As the seasons start to change, so do driving conditions. When fall slips into winter, the roads become slick and icy. If you don’t get the right tires, these conditions can end in unwanted outcomes. Are you prepared for winter? Depending on where you live, you might need some seasonal adjustments for your vehicle, including the tires. In this article, we’re going over all the differences you’ll find between all-season and winter tires and the situations where you’ll want each. Keep reading to find out more about keeping your car road-ready year round!
- The Importance of Getting the Right Tires for the Season
- All-Season Tires
- Winter Tires
- All-Season Tires vs. Winter Tires – Which One Should I Get?
- Summer Tires
- Best Selling Winter Tires
The Importance of Getting the Right Tires for the Season
Arguably, tires are one of the most critical parts of your car. They’re what keeps you and your vehicle between the road. They’re the method of movement, and without them, you’d do nothing but spin your wheels. Tires are responsible for fuel economy, handling, and overall safety. Handling and safety are the two most affected areas by seasonal tires, making them an essential part to swap when seasons change.
How Do Tires Affect Handling and Safety?
There are several contributing factors that tires have when it comes to handling. The hardness of the rubber and the tread depth are two areas that make a big difference when it comes to your tires.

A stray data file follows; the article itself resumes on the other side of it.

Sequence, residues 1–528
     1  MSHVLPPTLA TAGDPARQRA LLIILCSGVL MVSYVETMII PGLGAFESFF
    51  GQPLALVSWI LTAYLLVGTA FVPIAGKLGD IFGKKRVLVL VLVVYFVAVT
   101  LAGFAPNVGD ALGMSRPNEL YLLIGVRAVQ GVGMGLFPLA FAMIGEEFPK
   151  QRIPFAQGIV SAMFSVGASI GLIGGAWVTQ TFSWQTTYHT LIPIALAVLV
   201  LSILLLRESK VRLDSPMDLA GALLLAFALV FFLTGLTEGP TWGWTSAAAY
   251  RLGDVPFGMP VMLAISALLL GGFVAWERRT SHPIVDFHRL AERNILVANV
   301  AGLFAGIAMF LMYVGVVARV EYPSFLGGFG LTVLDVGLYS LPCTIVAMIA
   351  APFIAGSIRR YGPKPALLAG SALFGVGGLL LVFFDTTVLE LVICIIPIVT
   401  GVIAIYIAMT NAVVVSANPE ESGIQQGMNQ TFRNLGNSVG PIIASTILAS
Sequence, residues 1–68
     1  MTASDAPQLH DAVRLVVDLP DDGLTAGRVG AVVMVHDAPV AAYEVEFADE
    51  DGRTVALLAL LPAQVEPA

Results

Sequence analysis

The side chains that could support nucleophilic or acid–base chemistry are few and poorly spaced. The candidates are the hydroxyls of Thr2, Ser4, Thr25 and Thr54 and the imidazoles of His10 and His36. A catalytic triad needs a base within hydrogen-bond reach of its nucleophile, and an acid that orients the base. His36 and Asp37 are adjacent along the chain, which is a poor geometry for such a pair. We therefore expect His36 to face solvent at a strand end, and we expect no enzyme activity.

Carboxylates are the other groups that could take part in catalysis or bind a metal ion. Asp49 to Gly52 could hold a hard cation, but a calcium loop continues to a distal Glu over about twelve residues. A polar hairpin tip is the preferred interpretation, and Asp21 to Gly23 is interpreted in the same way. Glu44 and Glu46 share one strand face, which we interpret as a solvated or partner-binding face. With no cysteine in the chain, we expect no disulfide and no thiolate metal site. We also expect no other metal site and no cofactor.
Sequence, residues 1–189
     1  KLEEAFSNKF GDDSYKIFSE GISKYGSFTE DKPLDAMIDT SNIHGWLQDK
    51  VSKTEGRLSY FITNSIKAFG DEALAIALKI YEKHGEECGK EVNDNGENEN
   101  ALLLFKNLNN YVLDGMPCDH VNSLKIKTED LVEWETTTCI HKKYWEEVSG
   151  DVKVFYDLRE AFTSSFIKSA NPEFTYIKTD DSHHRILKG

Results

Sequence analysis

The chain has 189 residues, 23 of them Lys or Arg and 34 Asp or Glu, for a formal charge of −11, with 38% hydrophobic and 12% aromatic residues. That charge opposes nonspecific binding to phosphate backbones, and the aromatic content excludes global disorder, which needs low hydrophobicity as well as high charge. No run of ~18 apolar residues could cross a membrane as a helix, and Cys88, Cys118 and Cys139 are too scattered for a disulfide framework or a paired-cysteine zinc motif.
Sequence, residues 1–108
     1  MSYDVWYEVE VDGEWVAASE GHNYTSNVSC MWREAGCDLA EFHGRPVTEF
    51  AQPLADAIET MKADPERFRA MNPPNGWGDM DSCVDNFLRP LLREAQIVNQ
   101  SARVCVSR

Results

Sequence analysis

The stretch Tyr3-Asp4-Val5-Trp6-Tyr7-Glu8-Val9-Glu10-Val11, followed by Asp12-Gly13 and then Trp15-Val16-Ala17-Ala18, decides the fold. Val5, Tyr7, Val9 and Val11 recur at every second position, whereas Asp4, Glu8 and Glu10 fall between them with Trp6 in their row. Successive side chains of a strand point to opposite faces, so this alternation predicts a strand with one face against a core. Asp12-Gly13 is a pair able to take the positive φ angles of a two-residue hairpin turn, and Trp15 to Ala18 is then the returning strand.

Hard tires are going to affect the way that your ride feels while you travel. Hard tires feel everything on the road, while soft tires tend to absorb any imperfections they encounter. You’ll also find that the hardness of the rubber affects braking. When tires are hard, they increase the braking distance needed while also reducing the control you have while braking. The opposite is true of soft tires. They stop much more quickly when the brakes are applied and allow for much better braking control while coming to a stop.
Tread depth changes how grippy or slippery a tire is, especially when combined with high pressure or hard rubber. However, tread depth plays a significant part when it comes to traction during bad weather. Deeper traction helps a tire perform better during storms or in situations when mud or slush is present. A shallow tread is best for ideal conditions, like on a controlled course. As seasons change and weather becomes inclement, you may need a tire with a deeper tread.
All-season tires, sometimes referred to as all-weather or year-round tires, are ideal for three seasons of the year – spring, summer, and fall. While they’re called all-season tires, they’re truly only suitable for three seasons, especially if the area that you live in gets harsh weather. All-season tires are much different from winter tires, as you’ll find from the overview below.
All-season tires are made for three seasons of the year, as described above. They can also be used for year-round driving if you live in an area with mild winters. They were initially introduced in the 1970s and were an answer to consumers that no longer wanted the hassle of swapping tires out when the seasons changed. Since then, they’ve come a long way in their design, being able to handle most weather, including light snows.
When looking at the design of all-season tires, you’ll typically find a variety of tread patterns that push water and debris away from the center of the tire. This makes an all-season tire ideal for seasons that see rain or seasons that are typically dry. Most tread patterns can handle light snow, but that’s about the extent of it. They’ll also see a drop in performance when heavy rainfall occurs, but that’s true of most tires.